MRSA and Staph

What Is MRSA and Staph

Staph is a type of bacteria that can cause infections almost anywhere in the body. Staph infections are caused by the Staphylococcus bacteria, which live on our skin and in our mucosal membranes (like inside our nose). Most of the time, staph does not cause any issues—but if it enters a break in the skin, like a bug bite, pimple, scratch, or cut, the bacteria may cause an infection. Methicillin-resistant Staphylococcus aureus (MRSA) infection is caused by a strain of staph bacteria that’s become resistant to the antibiotics commonly used to treat ordinary staph infections. Both staph and MRSA infection may commence as a minor skin sore, pimple, or painful boil—and while most staph and MRSA infections are minor, they can become serious, potentially dangerous and sometimes be fatal.

MRSA and staph infections were once most commonly seen in hospital or health care centers, like nursing home settings; healthcare workers and patients in these facilities are both affected. When the infection is MRSA, it is known as “Healthcare Associated MRSA”or HA-MRSA.  HA-MRSA infections typically are associated with invasive procedures or devices, such as surgeries, intravenous tubing or artificial joints.

More recently, however, people who have not been associated with hospitals or healthcare centers have been increasingly diagnosed with both staph and MRSA infections. When the infection is MRSA, it is known as “Community Associated MRSA” or CA-MRSA. It’s important to point out that in today’s world anyone is susceptible to MRSA—and both staph and MRSA can be highly contagious from person to person.

There are two main ways to get staph or MRSA: first is through direct contact with someone who is already infected with either infection. The second is by touching materials or surfaces that are contaminated by staph or MRSA. This could be from sharing razors, sports equipment, towels or even clothes.

This is the likely reason that we see staph and MRSA outbreaks in schools, dorms, and within sports teams. Make sure to take extra care when touching a doorknob or other public objects if you have an open cut or sore.  Because MRSA typically responds to very few—if any—antibiotics, and can be very difficult to treat, it is often referred to as a “superbug”. Many public health experts are alarmed by the spread of tough strains of MRSA.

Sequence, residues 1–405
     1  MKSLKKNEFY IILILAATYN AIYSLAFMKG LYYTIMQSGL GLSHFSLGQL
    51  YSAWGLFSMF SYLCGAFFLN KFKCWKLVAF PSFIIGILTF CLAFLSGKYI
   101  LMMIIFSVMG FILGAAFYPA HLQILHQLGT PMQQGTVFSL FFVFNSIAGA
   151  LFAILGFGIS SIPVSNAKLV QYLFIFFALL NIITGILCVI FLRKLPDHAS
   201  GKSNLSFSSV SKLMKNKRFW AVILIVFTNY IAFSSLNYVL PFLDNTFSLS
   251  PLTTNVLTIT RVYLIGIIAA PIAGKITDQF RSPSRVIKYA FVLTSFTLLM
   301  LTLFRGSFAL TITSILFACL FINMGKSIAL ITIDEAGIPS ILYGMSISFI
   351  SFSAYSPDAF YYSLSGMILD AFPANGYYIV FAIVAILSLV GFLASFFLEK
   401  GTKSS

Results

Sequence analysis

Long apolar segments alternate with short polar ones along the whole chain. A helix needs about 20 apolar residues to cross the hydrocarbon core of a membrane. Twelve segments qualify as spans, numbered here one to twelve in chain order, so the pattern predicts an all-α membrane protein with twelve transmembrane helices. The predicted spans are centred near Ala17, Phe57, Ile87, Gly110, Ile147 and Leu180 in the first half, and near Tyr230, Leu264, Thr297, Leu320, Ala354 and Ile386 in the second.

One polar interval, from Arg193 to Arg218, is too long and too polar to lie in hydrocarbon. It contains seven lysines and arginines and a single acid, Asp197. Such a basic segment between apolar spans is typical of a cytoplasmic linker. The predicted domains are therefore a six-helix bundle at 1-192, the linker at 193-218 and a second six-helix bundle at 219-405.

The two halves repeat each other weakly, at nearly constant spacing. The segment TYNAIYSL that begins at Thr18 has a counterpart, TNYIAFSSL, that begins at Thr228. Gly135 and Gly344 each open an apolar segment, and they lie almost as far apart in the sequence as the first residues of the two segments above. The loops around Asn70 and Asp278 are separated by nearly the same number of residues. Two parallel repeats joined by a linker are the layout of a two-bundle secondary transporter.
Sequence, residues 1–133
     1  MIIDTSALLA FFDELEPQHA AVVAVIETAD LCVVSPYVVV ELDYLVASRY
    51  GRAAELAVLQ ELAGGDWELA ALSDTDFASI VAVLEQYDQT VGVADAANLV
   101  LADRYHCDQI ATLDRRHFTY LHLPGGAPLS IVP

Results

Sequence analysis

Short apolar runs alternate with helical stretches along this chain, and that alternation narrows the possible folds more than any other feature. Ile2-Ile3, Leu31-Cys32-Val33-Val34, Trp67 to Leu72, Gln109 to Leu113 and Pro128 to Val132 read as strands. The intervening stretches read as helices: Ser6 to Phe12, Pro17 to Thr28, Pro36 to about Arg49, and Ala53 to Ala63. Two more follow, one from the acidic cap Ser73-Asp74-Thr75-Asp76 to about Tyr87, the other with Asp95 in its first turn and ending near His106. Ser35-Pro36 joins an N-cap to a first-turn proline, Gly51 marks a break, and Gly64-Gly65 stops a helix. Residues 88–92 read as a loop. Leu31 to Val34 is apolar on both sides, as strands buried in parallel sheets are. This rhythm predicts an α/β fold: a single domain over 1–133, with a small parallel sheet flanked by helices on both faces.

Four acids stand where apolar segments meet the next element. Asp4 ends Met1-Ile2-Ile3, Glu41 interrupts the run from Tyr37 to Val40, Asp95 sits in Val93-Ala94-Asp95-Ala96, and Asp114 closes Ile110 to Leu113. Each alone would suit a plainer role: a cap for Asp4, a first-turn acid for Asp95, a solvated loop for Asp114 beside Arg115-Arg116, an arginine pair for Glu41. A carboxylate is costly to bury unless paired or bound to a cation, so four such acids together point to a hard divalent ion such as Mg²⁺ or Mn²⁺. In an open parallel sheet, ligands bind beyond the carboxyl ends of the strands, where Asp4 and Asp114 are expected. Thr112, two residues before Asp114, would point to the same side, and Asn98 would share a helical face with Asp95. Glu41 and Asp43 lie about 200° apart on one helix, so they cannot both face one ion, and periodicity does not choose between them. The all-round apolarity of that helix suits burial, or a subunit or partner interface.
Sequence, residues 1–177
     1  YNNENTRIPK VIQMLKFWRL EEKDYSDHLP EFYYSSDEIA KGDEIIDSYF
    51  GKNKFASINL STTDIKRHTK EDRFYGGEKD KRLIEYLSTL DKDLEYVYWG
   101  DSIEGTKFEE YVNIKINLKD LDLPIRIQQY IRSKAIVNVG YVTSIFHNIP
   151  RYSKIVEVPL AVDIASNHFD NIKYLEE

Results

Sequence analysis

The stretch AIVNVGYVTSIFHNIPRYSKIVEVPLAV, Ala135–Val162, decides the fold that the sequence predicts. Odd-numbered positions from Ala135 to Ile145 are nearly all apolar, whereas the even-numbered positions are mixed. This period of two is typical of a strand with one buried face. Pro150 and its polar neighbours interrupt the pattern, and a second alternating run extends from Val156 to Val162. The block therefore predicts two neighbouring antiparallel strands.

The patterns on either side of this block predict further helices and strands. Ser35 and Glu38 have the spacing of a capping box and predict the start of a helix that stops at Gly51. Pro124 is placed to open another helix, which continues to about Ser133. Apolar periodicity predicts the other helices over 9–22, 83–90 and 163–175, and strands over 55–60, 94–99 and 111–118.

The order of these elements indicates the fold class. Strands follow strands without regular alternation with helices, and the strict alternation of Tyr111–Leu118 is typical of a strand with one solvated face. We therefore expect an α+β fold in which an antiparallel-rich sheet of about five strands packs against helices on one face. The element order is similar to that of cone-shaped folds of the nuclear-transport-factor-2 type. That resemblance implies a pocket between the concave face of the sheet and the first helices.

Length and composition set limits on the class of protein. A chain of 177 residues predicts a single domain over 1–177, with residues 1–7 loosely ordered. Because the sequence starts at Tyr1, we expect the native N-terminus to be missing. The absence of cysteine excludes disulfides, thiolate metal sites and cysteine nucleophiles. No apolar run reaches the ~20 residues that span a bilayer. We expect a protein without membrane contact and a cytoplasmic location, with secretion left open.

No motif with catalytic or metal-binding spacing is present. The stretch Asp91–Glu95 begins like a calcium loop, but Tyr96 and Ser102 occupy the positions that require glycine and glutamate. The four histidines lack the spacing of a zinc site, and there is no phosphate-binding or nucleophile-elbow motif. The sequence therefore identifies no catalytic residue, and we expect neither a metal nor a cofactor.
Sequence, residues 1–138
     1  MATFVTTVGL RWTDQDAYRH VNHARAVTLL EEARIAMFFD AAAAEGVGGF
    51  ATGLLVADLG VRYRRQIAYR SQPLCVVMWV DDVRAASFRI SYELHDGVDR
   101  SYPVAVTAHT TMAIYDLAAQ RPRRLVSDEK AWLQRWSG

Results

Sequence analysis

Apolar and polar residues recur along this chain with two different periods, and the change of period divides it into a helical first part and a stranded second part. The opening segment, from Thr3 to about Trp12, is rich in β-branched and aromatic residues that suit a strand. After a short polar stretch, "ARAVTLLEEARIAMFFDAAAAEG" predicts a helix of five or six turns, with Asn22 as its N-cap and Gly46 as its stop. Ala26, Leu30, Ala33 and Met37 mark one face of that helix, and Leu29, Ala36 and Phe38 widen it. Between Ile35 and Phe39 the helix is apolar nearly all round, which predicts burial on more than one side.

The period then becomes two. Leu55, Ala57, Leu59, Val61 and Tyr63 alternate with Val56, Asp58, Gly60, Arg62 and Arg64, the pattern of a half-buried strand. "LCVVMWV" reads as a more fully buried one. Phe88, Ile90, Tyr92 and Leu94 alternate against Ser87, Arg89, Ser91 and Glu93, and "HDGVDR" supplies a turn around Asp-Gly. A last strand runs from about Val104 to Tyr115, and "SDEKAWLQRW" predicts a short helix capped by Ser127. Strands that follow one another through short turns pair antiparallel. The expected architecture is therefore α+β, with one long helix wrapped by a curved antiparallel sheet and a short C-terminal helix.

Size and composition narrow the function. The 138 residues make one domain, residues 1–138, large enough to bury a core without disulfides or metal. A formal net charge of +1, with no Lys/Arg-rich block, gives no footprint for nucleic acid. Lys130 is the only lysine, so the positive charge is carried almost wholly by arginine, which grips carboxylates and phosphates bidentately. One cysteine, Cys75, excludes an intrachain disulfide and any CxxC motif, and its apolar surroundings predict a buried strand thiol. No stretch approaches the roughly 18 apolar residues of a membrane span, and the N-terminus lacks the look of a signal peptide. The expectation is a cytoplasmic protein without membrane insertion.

MRSA, also known as Methicillin-resistant Staphylococcus aureus, was discovered in 1961, and the first case of MRSA in the United States was confirmed in 1968. A new study has suggested that a type of MRSA found in humans may have originated from cattle as far back as 40 years or more.

According to the CDC, or Center of Disease Control:

  • One in every three—or 30%–of people carry the staphylococcus bacteria in their nose
  • One in one hundred—or 1%–carry MRSA

In the 1940’s, Penicillin became the first antibiotic to successfully treat staph infections. However, due to overuse and misuse of penicillin the bacteria became resistant. This means the bacteria “outsmarted” the antibiotic. A new treatment was then discovered call methicillin. However, not even after 10 years after it began to be used, the staph bacteria once again became resistant to the antibiotic. In 1961 the first Methicillin resistant staph infection (MRSA) was discovered.

Resistant bacteria strains can be very dangerous and can cause many problems for the future in healthcare. Can you imagine a world where antibiotics no longer work?


What Causes MRSA and Staph

Risk Factors For MRSA and Staph

Diagnosing MRSA and Staph

Symptoms of MRSA and Staph


Living With MRSA and Staph


Medication And Treatment

Complementary and Alternative Treatment

When To Contact A Doctor

Questions For A Doctor